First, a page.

In 1997, HB 2909 created Section 30.06 Trespass By License Holder With A [
Of License to Carry] Concealed Handgun. Section 30.06(b) defines “notice” as “…a person receives notice if the owner of the property or someone with apparent authority to act for the owner provides notice to the person by oral or written communication.”
In 1997, Senate floor amendment #4 added Section 30.06(c)(3) defining “written communication.” Subsection (c)(3) reads: “’Written communication” means: (A) a card or other document on which is written language identical to the following: ‘Pursuant to Section 30.06, Penal Code (trespass by license holder with [
of license to carry] a concealed handgun), a person licensed under Subchapter H, Chapter 411, Government Code ([ concealed] handgun licensing law), may not enter this property with a concealed handgun’; or (B) a sign posted on the property that: (i) includes the language described by Paragraph (A) in both English and Spanish; (ii) appears in contrasting colors with block letters at least one inch in height; and (iii) is displayed in a conspicuous manner clearly visible to the public.”
In 2015, HB 910 created Section 30.07 Trespass By License Holder With an Openly Carried Handgun. Section 30.07 mirrors the legal construction of §30.06, however, it contains slightly different magic words for “written communication” in Section 30.07(c)(3)(A) which reads: “a card or other document on which is written language identical to the following: ‘Pursuant to Section 30.07, Penal Code (trespass by license holder with an openly carried handgun), a person licensed under Subchapter H, Chapter 411, Government Code (handgun licensing law), may not enter this property with a handgun that is carried openly’”.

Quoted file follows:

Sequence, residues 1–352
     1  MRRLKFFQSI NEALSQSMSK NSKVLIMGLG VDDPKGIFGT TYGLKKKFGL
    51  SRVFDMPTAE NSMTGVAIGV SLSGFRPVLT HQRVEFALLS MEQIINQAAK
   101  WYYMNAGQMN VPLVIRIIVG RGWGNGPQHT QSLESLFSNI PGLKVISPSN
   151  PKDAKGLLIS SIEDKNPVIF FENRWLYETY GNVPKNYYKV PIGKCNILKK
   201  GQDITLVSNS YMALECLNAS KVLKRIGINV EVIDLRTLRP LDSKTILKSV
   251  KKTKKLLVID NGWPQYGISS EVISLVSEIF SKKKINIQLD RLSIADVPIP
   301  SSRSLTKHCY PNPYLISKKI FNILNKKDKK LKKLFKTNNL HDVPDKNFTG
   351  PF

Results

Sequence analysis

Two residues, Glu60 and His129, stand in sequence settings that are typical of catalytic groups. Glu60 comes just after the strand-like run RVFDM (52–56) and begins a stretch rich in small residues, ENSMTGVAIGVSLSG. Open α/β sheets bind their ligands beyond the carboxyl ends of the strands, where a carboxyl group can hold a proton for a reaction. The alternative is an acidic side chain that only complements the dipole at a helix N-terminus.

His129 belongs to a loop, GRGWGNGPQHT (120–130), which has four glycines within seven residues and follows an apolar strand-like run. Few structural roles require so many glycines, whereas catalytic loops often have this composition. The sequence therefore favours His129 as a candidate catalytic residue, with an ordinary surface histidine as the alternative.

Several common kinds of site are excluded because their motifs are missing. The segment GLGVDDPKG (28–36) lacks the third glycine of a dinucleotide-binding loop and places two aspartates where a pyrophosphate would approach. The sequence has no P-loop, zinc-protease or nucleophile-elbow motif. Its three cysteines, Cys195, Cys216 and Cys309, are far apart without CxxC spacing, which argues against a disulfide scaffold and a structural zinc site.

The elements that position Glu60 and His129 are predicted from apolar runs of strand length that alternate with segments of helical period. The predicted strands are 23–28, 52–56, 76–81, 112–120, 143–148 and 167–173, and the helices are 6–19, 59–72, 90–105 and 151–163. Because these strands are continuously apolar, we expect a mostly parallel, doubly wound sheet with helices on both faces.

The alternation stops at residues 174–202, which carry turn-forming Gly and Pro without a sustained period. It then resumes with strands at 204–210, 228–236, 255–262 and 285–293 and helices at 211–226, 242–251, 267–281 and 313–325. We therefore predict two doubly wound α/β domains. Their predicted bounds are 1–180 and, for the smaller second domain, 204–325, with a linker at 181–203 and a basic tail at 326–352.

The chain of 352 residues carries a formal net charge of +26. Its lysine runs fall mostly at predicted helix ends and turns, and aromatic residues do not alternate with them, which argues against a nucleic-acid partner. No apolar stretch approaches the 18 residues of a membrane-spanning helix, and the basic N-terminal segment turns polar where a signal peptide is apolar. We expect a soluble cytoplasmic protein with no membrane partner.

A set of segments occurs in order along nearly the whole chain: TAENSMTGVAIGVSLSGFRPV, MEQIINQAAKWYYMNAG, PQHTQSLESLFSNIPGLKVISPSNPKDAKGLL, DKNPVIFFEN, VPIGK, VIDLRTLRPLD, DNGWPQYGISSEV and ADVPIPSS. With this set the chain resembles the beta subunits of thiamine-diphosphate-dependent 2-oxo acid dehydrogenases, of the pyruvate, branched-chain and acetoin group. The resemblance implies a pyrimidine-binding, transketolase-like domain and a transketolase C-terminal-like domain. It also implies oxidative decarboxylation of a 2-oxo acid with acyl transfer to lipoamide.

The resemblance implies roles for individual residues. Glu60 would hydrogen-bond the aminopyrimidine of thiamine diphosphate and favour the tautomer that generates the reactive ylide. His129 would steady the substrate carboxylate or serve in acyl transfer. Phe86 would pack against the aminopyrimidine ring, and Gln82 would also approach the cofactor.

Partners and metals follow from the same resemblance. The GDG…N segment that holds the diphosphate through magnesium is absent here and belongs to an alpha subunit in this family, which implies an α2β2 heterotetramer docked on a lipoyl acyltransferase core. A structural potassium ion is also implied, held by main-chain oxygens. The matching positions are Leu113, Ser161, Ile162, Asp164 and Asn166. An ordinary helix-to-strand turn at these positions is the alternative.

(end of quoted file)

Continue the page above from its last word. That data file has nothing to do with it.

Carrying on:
Underlined and strike through denotes HB 910 changes that take effect Jan. 1, 2016.
Texas Impact was established by Texas religious leaders in 1973 to be a voice in the Texas legislative process for the shared religious social concerns of Texas’ faith communities. Texas Impact is supported by more than two-dozen Christian, Jewish and Muslim denominational bodies, as well as hundreds of local congregations, ministerial alliances and interfaith networks, and thousands of people of faith throughout Texas.